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Health in 2040: An ageing population, health inequalities, and more chronic illnesses means a fresh approach to healthcare is needed

An opinion article from Dr Simon Erridge, Research Director Curaleaf Clinic

New research from The Health Foundation indicates that around 1 in 5 adults in England are expected to live with a major illness by 2040. This equates to nine million people, an increase of 2.5 million compared with 2019. The main cause of this rise can be attributed to an ageing population with most of the increase in people aged 70 years or older. Health inequalities mean that people living in the most deprived areas of the country are more likely to be affected by major illness, with conditions such as chronic pain, type 2 diabetes, anxiety and depression rising quickest among this group, particularly among working-age individuals. These trends not only mean that more people will be faced with a poorer quality of life, but are poised to further strain an already burdened healthcare system, leaving many people struggling to access care that truly works for them.

This study is a call to policymakers, healthcare professionals and stakeholders to take proactive measures now to alleviate the impending healthcare crisis. The most important of these are policy measures to address risk factors for major illnesses and wider determinants of health. Whilst important, policies aimed at prevention will require time to take effect. In the meantime investment is needed to ensure that the healthcare system can address current patient needs, particularly in conditions such as chronic pain, anxiety, and depression, which are on the rise. This involves development and research into medications and other therapies for those who need them. Through my work at Curaleaf International this involves investment of time, energy, and funds into researching the effects of medical cannabis in chronic conditions, whilst advocating for improved access for current patients.

Looking to the Future

One of the biggest hurdles we face as an industry is development of research of sufficient quality to drive changes in policy and public attitudes towards medical cannabis. To help address this Curaleaf has invested millions in global research initiatives through strategic partnerships with leading academic institutions to drive product evolution and offer a wider range of options to enable more personalised care for patients and consumers.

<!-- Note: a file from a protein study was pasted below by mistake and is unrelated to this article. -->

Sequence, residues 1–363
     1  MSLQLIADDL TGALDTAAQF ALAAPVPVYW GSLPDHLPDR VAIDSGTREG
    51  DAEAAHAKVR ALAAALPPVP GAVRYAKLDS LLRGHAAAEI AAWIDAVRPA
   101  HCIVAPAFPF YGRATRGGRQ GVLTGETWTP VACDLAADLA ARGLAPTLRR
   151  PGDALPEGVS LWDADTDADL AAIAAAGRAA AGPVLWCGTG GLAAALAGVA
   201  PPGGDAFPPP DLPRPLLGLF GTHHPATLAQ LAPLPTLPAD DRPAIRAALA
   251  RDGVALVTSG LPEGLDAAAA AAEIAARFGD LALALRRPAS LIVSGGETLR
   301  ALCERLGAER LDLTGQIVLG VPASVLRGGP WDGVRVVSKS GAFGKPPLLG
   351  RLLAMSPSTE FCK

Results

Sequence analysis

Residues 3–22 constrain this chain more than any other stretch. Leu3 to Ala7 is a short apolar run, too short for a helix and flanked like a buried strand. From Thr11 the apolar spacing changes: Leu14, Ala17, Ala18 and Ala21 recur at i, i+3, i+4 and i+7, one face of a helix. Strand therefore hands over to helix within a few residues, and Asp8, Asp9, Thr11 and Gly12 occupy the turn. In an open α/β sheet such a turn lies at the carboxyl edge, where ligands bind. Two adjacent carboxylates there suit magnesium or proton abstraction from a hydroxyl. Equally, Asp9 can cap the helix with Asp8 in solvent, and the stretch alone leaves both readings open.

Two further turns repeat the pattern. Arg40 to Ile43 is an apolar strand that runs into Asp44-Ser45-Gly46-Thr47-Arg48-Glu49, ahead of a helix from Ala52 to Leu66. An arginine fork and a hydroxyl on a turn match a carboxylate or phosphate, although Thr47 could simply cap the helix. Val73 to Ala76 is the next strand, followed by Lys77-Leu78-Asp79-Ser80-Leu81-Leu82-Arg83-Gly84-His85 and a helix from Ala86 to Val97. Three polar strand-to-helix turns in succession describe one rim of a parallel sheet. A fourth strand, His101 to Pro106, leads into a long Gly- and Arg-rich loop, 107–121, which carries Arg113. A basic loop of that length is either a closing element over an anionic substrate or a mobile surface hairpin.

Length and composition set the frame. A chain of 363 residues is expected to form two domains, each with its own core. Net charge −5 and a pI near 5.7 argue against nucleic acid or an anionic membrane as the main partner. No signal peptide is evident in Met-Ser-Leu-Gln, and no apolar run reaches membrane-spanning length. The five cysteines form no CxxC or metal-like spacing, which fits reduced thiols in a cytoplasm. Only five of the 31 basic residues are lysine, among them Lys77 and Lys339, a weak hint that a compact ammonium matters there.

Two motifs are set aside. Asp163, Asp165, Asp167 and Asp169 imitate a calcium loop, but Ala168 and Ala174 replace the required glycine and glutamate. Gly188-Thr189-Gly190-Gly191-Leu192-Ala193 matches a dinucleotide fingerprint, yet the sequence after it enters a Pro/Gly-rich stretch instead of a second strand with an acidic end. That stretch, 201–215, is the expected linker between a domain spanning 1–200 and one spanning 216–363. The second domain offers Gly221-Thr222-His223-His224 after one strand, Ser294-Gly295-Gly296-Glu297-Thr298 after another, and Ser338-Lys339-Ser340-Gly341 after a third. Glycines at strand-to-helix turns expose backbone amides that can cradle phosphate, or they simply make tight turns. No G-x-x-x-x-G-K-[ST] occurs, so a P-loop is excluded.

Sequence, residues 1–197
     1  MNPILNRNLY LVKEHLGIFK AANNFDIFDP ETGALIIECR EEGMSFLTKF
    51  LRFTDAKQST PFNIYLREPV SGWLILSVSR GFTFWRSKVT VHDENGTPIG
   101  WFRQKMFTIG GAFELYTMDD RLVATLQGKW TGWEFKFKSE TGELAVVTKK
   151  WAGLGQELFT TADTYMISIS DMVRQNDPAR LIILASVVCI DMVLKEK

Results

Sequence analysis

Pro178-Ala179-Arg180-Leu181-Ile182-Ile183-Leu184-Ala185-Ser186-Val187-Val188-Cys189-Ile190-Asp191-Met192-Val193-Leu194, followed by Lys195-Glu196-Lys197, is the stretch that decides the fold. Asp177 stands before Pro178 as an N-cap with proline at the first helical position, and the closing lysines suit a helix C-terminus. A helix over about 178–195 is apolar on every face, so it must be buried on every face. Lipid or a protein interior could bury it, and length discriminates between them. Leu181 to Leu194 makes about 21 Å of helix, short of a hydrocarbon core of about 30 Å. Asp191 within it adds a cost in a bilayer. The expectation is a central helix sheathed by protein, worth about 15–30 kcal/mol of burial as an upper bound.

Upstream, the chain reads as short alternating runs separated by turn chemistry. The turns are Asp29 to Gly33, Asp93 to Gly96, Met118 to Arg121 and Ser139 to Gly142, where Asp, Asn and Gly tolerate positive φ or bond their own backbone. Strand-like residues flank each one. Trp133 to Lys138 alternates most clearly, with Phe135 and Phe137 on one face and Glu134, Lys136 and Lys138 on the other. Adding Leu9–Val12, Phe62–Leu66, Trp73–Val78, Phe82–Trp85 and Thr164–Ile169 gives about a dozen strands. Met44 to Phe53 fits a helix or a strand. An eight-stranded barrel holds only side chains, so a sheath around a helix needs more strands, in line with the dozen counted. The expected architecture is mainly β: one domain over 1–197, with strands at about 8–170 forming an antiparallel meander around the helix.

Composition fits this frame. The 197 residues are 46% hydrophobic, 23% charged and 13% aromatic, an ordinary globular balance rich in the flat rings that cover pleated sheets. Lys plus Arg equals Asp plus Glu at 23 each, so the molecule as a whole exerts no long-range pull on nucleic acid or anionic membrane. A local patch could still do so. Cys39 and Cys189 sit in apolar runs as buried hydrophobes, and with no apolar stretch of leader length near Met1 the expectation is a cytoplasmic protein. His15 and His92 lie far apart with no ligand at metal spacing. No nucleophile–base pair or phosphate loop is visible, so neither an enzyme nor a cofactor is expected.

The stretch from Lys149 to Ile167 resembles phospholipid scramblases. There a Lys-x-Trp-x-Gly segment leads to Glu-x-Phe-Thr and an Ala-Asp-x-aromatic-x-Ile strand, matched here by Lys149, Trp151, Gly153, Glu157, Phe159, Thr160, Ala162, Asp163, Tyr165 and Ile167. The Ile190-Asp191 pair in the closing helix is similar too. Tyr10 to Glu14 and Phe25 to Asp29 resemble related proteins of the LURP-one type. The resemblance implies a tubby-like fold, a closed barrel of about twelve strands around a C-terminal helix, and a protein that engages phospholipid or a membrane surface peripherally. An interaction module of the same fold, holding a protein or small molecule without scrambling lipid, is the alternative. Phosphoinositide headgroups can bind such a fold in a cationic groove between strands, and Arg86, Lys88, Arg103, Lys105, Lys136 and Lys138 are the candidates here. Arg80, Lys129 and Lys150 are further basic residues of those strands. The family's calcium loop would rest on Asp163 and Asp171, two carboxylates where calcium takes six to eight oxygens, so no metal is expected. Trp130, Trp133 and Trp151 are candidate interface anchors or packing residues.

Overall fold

This research reaches truly from laboratory bench to patient bedside, from assessing how cannabinoids and terpenes affect pain signals in nerve cells grown in petri-dishes to helping to develop the UK Medical Cannabis Registry with Curaleaf Clinic – recording the effects of medical cannabis in more than 20,000 individuals. Future projects aim to close the gap further still between the evidence regulators and healthcare bodies need to decide whether medical cannabis can be more widely prescribed and what is presently available by adopting traditional and novel approaches to drug development.

Tackling Current Attitudes

At present, we know that key conditions highlighted by The Health Foundation, such as chronic pain, anxiety, and depression continue to be unmet by current provisions. The challenges are multifactorial and condition specific, but include a lack of access to physical and psychological therapies or highly variable responses to available medications.

Medical cannabis is not a panacea, but for patients that have tried licensed treatments and not improved sufficiently, it is now an option available to them in countries such as the UK, Germany, and Poland. In fact, from 2022 to 2023 we have seen a 53% increase in the number of patients in the UK alone with chronic health conditions, turning to Curaleaf Clinic for help in managing their symptoms where traditional avenues haven’t worked.

Despite the growing numbers of patients there is a lack of awareness about the safety, accessibility and efficacy of medical cannabis, both within the medical community and among patients. Our research highlights this issue, with 1 in 2 UK adults being unaware that medical cannabis can be legally prescribed in the UK. Even, among the 1.8 million estimated patients who use illicit cannabis to self-treat their health a quarter (24%) of them are unaware that cannabis can be legally prescribed, while two-fifths (41%) feel that accessing it is too difficult. Awareness takes multiple forms and Curaleaf is equally invested in improving this among the public via traditional and social media, whilst also working with people working with healthcare workers, police and other professionals to provide education rooted in fact, not stigma.

A brighter future

As we confront the healthcare challenges posed by an ageing population and health inequalities, proactive measures must be taken now to ensure a sustainable healthcare system for the future. The most important steps need to be taken by brave politicians to focus efforts on prevention of major illnesses and addressing health inequalities. Meanwhile, through addressing gaps in advocacy and research on medical cannabis we can help address unmet needs for current and future patients.

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